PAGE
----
Asian Science Citation Index is committed to provide an authoritative, trusted and significant information by the coverage of the most important and influential journals to meet the needs of the global scientific community.  
ASCI Database
308-Lasani Town,
Sargodha Road,
Faisalabad, Pakistan
Fax: +92-41-8815544
Contact Via Web
Suggest a Journal
 
Articles by A. Rosenzweig
Total Records ( 2 ) for A. Rosenzweig
  D. E Sosnovik , M Nahrendorf , P Panizzi , T Matsui , E Aikawa , G Dai , L Li , F Reynolds , G. W Dorn , R Weissleder , L Josephson and A. Rosenzweig
 

Background— The ability to image cardiomyocyte (CM) apoptosis in heart failure could facilitate more accurate diagnostics and optimize targeted therapeutics. We thus aimed to develop a platform to image CM apoptosis quantitatively and specifically in heart failure in vivo. The myocardium in heart failure, however, is characterized by very low levels of CM apoptosis and normal vascular permeability, factors thought to preclude the use of molecular MRI.

Methods and Results— Female mice with overexpression of Gaq were studied. Two weeks postpartum, these mice develop a cardiomyopathy characterized by low levels of CM apoptosis and minimal myocardial necrosis or inflammation. The mice were injected with the annexin-labeled nanoparticle (AnxCLIO-Cy5.5) or a control probe (CLIO-Cy5.5) and imaged in vivo at 9.4 T. Uptake of AnxCLIO-Cy5.5 occurred in isolated clusters, frequently in the subendocardium. Myocardial T2* was significantly lower (7.6±1.5 versus 16.8±2.7 ms, P<0.05) in the mice injected with AnxCLIO-Cy5.5 versus CLIO-Cy5.5, consistent with the uptake of AnxCLIO-Cy5.5 by apoptotic CMs. A strong correlation (r2=0.86, P<0.05) was seen between in vivo T2* (AnxCLIO-Cy5.5 uptake) and myocardial caspase-3 activity.

Conclusions— The ability of molecular MRI to image sparsely expressed targets in the myocardium is demonstrated in this study. Moreover, a novel platform for high-resolution and specific imaging of CM apoptosis in heart failure is established. In addition to providing novel insights into the pathogenesis of CM apoptosis, the developed platform could facilitate the development of novel antiapoptotic therapies in heart failure.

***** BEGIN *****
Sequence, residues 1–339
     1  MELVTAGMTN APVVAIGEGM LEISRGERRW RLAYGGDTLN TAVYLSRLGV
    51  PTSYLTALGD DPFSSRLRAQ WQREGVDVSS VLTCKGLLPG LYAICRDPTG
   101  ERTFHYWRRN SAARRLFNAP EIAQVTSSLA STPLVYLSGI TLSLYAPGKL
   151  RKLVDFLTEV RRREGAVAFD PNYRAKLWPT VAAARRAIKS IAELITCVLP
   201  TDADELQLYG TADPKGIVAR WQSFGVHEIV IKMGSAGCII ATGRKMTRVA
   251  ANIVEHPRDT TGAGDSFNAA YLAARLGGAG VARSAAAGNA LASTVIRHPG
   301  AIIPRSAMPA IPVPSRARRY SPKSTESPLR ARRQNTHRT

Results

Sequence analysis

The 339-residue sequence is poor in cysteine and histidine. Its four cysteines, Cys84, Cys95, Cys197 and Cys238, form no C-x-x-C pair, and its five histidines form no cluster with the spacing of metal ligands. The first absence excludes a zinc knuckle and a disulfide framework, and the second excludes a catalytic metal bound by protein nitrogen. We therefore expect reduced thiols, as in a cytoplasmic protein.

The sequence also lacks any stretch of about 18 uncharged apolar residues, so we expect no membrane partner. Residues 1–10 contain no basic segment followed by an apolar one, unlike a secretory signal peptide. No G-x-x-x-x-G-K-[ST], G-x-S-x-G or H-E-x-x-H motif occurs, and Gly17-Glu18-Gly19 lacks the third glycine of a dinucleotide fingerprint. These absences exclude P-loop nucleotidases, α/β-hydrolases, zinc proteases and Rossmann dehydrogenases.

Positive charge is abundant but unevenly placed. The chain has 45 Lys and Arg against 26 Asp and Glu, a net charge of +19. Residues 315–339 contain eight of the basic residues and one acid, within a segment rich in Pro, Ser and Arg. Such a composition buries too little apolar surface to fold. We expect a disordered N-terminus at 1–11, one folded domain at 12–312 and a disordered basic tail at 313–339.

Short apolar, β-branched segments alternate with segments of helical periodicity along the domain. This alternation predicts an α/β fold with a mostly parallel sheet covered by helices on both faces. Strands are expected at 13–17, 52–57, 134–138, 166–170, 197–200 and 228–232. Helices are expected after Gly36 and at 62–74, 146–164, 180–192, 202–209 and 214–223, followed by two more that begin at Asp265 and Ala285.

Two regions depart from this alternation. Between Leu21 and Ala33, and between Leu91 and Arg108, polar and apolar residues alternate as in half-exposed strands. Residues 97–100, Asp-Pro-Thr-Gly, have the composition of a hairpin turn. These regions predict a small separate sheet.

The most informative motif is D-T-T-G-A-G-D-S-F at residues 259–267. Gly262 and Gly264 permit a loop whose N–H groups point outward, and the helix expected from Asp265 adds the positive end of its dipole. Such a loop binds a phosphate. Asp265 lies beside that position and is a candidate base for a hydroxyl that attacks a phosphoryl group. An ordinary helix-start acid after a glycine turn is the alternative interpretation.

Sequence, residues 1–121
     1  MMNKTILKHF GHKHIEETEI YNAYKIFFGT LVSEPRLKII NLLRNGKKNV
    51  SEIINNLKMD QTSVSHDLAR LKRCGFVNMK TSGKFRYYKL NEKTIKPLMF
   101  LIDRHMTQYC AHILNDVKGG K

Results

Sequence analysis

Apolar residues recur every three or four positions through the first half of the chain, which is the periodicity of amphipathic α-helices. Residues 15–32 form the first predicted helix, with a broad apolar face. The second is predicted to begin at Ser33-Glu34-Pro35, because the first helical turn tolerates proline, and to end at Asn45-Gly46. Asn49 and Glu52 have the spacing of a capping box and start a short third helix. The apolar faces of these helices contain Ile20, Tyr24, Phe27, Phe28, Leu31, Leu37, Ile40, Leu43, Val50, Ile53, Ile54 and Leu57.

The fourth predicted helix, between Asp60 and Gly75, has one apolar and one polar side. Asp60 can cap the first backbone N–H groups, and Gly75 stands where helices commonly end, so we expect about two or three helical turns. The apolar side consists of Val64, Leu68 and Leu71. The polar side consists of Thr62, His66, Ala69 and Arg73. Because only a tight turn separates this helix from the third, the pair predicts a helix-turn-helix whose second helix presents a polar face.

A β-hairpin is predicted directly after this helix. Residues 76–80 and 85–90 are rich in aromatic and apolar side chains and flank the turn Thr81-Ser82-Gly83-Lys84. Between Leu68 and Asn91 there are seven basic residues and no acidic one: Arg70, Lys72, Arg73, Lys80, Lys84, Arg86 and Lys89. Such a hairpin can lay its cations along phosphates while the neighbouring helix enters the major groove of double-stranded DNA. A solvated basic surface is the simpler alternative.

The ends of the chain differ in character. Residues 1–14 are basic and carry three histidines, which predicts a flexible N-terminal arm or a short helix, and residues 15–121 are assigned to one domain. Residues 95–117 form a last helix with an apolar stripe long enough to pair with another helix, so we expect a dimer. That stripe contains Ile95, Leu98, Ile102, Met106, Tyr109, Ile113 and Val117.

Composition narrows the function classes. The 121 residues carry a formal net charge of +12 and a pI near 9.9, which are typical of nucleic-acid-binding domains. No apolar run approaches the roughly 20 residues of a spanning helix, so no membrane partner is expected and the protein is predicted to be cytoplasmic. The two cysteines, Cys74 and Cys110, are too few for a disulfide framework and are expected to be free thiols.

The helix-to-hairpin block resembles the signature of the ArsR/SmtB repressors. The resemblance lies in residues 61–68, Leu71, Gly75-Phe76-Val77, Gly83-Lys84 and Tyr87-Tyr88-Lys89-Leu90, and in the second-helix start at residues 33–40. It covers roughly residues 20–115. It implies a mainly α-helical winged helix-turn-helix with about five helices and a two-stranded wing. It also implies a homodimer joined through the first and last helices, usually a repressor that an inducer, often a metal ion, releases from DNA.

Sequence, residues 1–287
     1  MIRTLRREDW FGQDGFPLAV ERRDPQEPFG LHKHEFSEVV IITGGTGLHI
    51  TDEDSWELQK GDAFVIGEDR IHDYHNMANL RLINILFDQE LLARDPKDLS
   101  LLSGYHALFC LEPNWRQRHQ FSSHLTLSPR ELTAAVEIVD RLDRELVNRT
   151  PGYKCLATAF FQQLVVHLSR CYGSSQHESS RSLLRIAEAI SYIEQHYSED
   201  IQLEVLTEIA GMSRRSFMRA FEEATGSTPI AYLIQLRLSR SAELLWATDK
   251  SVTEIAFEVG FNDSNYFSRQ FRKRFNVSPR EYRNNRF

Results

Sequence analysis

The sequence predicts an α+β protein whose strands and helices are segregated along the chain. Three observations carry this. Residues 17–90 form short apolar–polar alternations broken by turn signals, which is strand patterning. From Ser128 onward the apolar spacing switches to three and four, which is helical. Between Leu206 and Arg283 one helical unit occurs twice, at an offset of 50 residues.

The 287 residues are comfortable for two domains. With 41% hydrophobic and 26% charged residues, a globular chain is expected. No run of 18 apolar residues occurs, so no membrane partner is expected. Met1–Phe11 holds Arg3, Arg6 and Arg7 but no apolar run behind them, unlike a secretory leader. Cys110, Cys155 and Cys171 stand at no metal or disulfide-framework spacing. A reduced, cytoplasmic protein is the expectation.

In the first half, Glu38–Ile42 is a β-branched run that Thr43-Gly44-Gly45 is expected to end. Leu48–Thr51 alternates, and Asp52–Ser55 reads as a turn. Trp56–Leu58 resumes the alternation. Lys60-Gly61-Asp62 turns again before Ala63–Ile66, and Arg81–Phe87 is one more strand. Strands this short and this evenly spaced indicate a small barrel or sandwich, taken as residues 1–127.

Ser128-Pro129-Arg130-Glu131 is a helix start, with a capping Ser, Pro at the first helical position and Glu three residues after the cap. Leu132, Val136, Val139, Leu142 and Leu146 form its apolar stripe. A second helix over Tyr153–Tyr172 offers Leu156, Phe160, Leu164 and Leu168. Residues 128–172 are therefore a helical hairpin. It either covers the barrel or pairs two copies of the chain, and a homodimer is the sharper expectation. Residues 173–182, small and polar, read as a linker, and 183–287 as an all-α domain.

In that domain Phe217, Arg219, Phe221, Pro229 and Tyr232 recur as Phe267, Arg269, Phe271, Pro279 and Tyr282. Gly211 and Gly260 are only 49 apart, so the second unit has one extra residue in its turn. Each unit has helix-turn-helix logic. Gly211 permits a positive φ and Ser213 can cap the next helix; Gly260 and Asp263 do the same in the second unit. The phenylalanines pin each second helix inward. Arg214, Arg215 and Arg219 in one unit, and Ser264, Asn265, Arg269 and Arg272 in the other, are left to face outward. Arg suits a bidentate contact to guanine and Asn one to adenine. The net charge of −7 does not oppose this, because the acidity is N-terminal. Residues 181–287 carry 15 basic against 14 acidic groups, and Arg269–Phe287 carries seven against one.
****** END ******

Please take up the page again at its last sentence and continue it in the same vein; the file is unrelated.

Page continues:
M. R Morissette , S. A Cook , C Buranasombati , M. A Rosenberg and A. Rosenzweig
 

Myostatin is a highly conserved negative regulator of skeletal muscle growth. Loss of functional myostatin in cattle, mice, sheep, dogs, and humans results in increased muscle mass. The molecular mechanisms responsible for this increase in muscle growth are not fully understood. Previously, we have reported that phenylephrine-induced cardiac muscle growth and Akt activation are enhanced in myostatin knockout mice compared with controls. Here we report that skeletal muscle from myostatin knockout mice show increased Akt protein expression and overall activity at baseline secondary to an increase in Akt mRNA. We examined the functional role of myostatin modulation of Akt in C2C12 myotubes, a well-established in vitro model of skeletal muscle hypertrophy. Adenoviral overexpression of myostatin attenuated the insulin-like growth factor-I (IGF-I)-mediated increase in myotube diameter, as well as IGF-I-stimulated Akt phosphorylation. Inhibition of myostatin by overexpression of the NH2-terminal portion of myostatin was sufficient to increase myotube diameter and Akt phosphorylation. Coexpression of myostatin and constitutively active Akt (myr-Akt) restored the increase in myotube diameter. Conversely, expression of dominant negative Akt (dn-Akt) with the inhibitory myostatin propeptide blocked the increase in myotube diameter. Of note, ribosomal protein S6 phosphorylation and atrogin-1/muscle atrophy F box mRNA were increased in skeletal muscle from myostain knockout mice. Together, these data suggest myostatin regulates muscle growth at least in part through regulation of Akt.

 
 
 
Copyright   |   Desclaimer   |    Privacy Policy   |   Browsers   |   Accessibility